TR: How do the kids respond?
OE: Well, they don’t know what the media is telling them so for them Mozart is just as current as Willie Nelson. Then, I tell stories about each one of them. Like, there’s a childhood story about Herbie Hancock. I’ll show them pictures of him when was a little boy. He becomes a friend of theirs.
TR: So, this becomes much more than just an academic exercise?
OE: Yeah. As a musican I feel like sometimes music schools get over intellectualized and the essence of what music really is lost. And it’s about naturally expressing yourself having fun, being sad, it’s about honesty. The kids react to these songs this way because they come out of everyday life.
TR: I noticed on the new CD, your taking some pretty common children’s songs and standing them on their ears…literally.
OE: There’s some good things out there. Think of a song like “Twinkle, Twinkle Little Star.” You know, you have straight quarter notes. There’s really no interesting rhythm. Everything’s on the major scale, hardly even a minor. So, you do different things with the melody and rhythm and it’s like you’ve taken one syllable words and you begin to make full, more complex sentences. It’s the same with music. There’s nothing bad about the songs as they are, it’s just that there’s more to be had.
TR: So you’re really teaching is for the kids to be explorers.
OE: Yes. Absolutely. It’s about being open. And I find they’re teaching me. The kids are so open to everything new. It’s how they’re able to connect with the music and the life around them. They’re the inspiration. Because of who they are, they can learn music this way. It becomes who they are in their souls. You know, rules are great, but you need to learn the essence of music: Being open and curious. An example is when I take Willie Nelson and the song, “Mom and Dad Waltz.” You know, the kids are at pre-school and their mom or dad has left them there for the day. The song about longing to be with your mom and dad speaks to them, to exactly what they’re thinking. From there they learn about what a waltz is. From that I can take them to samba, to Brazil, you know.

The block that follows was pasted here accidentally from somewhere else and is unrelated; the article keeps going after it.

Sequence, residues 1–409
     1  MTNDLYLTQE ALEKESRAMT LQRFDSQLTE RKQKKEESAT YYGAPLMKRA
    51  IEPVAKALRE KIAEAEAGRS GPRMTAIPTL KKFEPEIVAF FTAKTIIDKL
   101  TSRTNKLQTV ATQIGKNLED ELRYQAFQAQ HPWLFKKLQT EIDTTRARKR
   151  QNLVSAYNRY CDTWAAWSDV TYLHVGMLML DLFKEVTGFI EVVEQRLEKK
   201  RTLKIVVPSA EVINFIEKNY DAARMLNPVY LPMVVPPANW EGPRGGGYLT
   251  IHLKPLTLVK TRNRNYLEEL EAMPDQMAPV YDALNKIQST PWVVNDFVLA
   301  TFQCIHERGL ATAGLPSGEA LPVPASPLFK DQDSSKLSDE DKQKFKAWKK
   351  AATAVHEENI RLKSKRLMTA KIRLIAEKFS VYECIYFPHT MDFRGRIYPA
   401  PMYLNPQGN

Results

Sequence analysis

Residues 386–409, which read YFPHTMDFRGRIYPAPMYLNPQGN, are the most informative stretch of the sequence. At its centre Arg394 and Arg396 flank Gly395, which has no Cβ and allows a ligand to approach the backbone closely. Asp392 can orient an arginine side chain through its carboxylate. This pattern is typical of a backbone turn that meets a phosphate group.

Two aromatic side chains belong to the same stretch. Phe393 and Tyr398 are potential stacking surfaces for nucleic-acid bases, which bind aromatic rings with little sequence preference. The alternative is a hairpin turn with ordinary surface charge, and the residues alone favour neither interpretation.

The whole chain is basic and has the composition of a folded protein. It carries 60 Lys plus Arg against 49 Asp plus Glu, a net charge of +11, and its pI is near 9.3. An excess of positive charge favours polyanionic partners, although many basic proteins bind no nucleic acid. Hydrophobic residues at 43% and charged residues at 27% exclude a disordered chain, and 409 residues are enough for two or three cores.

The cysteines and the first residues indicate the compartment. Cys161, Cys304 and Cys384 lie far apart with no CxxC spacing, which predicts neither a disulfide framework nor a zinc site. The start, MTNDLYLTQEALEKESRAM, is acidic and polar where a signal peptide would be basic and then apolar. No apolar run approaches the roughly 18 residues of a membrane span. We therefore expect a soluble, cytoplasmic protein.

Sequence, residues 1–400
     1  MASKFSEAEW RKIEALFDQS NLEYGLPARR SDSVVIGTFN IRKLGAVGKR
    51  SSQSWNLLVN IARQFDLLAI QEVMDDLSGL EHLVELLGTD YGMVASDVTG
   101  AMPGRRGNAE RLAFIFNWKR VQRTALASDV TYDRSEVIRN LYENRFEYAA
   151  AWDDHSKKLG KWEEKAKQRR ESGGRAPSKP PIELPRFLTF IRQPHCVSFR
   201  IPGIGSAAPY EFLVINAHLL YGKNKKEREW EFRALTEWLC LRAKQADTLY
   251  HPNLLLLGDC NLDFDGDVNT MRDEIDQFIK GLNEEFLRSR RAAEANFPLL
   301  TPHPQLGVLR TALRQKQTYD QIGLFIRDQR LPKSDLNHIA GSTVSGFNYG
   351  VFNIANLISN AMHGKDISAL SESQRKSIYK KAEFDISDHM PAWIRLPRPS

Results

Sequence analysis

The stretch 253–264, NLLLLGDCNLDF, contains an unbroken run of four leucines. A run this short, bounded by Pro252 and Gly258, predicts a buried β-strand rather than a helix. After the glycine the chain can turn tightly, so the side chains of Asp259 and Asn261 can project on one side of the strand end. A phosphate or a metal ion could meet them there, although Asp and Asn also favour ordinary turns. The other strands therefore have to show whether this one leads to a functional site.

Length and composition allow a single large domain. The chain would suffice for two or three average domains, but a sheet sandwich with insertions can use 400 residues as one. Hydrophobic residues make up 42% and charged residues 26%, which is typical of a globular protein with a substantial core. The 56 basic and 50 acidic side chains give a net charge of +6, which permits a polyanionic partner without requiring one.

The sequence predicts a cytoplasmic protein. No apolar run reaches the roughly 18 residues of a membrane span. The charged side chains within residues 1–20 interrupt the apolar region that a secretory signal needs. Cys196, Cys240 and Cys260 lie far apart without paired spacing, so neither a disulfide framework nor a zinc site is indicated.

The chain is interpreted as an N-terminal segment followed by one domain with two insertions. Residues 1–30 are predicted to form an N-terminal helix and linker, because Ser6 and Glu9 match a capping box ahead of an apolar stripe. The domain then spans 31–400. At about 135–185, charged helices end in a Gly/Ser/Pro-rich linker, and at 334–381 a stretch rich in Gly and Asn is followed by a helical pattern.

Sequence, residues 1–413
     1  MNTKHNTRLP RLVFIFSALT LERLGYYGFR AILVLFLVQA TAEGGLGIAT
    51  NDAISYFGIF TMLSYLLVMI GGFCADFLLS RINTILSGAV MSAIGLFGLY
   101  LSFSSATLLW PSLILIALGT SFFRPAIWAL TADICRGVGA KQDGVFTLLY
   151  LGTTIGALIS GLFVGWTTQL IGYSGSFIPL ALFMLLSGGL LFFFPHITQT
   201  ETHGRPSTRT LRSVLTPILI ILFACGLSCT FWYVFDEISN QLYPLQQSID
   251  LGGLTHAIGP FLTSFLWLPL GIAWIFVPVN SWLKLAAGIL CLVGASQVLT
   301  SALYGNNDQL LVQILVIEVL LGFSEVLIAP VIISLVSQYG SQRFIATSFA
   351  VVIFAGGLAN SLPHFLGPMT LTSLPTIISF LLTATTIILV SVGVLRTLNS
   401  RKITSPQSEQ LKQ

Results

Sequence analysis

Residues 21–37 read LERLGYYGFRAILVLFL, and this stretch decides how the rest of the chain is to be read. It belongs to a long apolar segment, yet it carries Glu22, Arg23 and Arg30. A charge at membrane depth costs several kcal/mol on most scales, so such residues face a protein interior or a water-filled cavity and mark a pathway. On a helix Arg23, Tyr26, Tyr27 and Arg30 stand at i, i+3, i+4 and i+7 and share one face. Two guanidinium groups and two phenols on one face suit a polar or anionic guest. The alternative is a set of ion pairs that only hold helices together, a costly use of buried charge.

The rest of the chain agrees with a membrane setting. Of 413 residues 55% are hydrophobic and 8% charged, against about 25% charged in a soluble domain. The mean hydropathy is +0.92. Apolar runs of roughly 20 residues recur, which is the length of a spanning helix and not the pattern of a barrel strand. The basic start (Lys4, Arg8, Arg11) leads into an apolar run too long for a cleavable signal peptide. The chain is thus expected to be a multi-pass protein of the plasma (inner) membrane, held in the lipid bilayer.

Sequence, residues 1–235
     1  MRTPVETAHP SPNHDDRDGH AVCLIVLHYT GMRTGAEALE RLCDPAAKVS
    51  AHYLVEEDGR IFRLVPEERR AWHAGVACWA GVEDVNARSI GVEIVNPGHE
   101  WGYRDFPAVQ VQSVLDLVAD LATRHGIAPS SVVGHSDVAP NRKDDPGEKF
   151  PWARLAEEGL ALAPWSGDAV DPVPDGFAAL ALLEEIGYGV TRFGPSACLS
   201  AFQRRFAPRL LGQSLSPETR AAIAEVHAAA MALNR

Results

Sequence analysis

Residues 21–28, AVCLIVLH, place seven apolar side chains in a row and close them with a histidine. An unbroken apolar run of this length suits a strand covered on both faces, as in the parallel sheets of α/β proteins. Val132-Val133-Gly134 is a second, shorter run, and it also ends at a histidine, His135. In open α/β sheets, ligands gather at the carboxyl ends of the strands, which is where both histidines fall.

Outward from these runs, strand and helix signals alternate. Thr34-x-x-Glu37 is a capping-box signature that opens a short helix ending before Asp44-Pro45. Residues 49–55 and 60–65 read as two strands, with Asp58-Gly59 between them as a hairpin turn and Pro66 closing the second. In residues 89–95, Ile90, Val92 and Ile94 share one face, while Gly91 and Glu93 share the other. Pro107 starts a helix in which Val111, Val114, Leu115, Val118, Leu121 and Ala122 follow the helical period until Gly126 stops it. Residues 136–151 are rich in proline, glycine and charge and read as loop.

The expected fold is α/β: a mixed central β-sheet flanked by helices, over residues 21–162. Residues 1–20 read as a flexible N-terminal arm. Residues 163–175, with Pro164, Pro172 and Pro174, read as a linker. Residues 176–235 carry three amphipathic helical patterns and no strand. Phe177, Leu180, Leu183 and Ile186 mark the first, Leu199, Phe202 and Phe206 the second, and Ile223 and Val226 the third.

TR: You’re taking this into the schools.
OE: Yes. Right now we’re training new pre-school teachers in the Tabalooloo concept. We’re setting up classes in people’s homes. Forming groups of kids for classes in their houses as well as pre-schools in Manhattan. We’re going to expand it into CD’s, books, television programming and public schools.
TR: It sounds like it could be a cultural movement,
OE: Yes. There’s a cultural richness to this that isn’t always aligned with money. I spent time in Africa with little kids who are playing rhythms that would, for us, seems advanced, but they’re doing it. They’re in a culture of music and dance. We get away from that in our culture, but these places that are less wealthy are culturally rich.
TR: Do you think there’s hope for adults learning this?
OE: Absolutely. Parents are sitting in with the kids now. Even if they just listen. A lot of this is about active listening. You know, you begin to hear it. The sax talks to the trumpets, they talk to each other. It’s teaching adults to listen to the whole thing. Parents haven’t listened to music in this way. One critic review the cd and said even though she played clarinet, she’d never listened to the role of music.